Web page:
Press Release "Everyday Saints" 511 Gallery May 24 - June 30, 2005

Viviane Silvera’s large-scale drawings are inspired by historical devotional images, which she combines with modern subjects to interrogate the significance of poses and people. In her drawings, Silvera brings to the surface the fundamental issue of how humans view and decide on what is sacred in art imagery. In Renaissance art, for example, was it the identity of the figure that evoked reverence and even adoration, or was it rather the artist’s ability to choose and represent a figurative stance or position that made the subject seem important and inspirational? Silvera poses the problem but leaves the viewer to induce an answer.

Silvera taps into the beauty of everyday people by capturing them in those moments in which they exhibit qualities of transcendence: thoughtfulness, reflection, pure emotion or contemplation. She highlights the beauty of the human form as well as its expression and gesture, and thus transforms her subjects into figures who transcend the merely human and approach the ineffable. Her people become iconic, and their clothing and features echo those of historical icons in unexpected ways: a young woman’s hooded sweatshirt, for example, makes us think of the hoods of monks.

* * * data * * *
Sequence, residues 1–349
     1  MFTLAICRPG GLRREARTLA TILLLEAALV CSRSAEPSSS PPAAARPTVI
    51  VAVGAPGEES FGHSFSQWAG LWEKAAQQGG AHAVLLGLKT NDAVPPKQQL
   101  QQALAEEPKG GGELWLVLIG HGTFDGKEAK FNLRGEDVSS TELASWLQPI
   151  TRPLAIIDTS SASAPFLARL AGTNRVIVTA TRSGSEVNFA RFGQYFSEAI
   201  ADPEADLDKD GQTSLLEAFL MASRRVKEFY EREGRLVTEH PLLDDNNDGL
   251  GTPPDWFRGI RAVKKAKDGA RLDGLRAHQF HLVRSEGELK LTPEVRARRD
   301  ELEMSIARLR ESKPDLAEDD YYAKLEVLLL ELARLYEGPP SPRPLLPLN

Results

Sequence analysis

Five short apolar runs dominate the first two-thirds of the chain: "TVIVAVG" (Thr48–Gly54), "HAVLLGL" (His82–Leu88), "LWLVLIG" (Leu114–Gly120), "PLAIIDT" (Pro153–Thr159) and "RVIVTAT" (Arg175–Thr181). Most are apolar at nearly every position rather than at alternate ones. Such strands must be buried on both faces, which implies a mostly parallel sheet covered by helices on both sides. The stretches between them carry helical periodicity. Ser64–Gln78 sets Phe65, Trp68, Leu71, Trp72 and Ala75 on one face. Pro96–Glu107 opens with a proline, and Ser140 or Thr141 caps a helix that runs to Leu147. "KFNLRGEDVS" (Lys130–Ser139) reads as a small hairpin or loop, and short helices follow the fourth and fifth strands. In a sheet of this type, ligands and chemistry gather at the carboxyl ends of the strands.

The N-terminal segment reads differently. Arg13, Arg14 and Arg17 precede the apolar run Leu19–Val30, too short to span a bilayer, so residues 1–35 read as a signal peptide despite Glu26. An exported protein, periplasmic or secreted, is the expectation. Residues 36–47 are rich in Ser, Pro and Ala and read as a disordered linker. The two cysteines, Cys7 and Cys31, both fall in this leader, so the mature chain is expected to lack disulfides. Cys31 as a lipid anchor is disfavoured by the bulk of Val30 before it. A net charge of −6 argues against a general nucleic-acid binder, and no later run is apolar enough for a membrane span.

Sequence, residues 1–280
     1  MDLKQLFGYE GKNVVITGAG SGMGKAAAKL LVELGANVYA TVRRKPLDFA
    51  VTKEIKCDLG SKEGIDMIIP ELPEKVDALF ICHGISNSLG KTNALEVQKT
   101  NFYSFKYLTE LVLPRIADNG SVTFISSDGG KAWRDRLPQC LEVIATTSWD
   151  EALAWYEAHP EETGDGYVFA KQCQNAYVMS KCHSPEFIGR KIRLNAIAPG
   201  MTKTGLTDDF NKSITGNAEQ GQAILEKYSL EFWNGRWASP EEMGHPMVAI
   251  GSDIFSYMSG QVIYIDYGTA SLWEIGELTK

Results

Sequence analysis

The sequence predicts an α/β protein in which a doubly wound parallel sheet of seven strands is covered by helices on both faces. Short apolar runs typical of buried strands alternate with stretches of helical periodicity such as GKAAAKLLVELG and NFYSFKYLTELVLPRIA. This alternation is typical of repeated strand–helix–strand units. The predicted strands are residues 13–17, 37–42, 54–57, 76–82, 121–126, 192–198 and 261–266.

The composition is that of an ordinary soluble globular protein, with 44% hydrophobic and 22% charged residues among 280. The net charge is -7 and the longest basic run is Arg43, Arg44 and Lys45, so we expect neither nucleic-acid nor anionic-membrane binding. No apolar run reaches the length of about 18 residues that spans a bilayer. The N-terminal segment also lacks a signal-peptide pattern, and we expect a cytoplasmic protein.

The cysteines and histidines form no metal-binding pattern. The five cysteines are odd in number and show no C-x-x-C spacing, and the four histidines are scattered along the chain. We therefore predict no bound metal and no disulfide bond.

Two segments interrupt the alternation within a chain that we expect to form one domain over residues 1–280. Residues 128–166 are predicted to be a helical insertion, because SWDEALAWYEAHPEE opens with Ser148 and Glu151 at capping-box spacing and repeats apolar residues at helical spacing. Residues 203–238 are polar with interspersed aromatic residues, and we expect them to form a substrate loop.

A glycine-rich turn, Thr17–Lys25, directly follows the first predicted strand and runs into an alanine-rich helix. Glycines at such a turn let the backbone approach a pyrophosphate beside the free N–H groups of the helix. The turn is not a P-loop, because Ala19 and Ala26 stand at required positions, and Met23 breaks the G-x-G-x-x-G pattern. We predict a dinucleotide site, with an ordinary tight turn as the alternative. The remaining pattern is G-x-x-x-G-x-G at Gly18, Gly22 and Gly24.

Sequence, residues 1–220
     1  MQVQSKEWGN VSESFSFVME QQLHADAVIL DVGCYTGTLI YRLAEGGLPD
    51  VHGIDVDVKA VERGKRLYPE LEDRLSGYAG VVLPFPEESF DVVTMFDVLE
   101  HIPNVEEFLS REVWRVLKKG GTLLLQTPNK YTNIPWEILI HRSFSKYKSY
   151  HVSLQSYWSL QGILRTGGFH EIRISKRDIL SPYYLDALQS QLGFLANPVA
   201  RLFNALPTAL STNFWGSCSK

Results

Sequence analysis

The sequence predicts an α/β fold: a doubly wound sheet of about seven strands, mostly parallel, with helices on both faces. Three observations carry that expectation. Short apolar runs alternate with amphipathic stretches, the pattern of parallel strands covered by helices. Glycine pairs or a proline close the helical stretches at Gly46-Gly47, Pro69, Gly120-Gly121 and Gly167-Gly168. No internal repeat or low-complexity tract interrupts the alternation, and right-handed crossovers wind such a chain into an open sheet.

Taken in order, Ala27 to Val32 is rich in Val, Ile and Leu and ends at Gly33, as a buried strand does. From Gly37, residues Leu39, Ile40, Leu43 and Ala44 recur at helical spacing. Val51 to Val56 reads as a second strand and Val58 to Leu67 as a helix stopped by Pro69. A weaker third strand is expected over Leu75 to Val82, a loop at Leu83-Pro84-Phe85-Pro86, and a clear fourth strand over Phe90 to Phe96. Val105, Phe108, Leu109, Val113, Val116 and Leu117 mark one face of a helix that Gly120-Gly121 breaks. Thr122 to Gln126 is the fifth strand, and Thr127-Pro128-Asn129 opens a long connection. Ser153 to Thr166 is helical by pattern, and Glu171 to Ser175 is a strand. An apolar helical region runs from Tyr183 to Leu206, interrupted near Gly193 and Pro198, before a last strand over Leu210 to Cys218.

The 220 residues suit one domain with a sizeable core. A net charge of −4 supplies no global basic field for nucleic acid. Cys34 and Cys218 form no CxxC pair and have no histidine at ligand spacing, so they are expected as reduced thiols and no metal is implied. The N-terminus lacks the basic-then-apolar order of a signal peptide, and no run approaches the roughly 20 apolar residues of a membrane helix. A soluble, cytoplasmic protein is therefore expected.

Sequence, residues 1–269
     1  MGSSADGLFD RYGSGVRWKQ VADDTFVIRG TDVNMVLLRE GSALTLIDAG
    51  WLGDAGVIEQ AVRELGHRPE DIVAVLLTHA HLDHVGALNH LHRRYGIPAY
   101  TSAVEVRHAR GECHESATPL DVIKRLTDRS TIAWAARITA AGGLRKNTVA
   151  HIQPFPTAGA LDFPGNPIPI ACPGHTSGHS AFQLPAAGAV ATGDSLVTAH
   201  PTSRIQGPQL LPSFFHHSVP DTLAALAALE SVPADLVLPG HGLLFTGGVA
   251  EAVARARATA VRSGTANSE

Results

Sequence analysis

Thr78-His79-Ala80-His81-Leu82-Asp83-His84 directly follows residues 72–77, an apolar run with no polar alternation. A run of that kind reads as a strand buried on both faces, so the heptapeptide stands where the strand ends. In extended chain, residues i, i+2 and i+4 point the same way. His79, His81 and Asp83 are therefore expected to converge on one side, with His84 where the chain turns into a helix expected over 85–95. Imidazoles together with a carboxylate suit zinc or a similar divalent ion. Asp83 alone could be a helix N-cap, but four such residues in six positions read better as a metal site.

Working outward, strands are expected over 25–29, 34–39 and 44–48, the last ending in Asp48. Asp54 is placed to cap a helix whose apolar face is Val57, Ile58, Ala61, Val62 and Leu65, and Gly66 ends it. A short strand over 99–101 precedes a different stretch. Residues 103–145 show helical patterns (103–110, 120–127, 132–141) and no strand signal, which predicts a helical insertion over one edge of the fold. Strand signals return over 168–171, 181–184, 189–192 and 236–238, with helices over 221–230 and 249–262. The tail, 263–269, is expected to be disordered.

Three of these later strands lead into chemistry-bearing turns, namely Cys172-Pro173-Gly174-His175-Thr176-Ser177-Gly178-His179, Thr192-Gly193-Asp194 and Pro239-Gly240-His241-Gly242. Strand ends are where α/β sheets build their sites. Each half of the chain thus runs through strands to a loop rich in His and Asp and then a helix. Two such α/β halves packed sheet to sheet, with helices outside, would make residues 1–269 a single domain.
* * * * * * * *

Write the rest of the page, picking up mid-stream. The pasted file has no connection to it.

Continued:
Everyday Saints manages to relate iconic figures and gestures to present-day imagery seamlessly. These drawings pose intelligent questions in a stunning manner. Silvera’s brilliant pencil fills each page with intensely cross-hatched red lines—a graphic way of competing with the photograph’s capacity for detail. Captivating to both the eye and the mind, these works stay in our memories long after we have stopped viewing them.

The artist lives and works in New York City. She was born in Hong Kong, raised in Brazil, and recently became an American citizen. She first studied painting with Brazilian artist Roberto d’ Oliveira, was art-schooled at the Art Student’s League and the National Academy of Design, then received her MFA at the New York Academy of the Arts.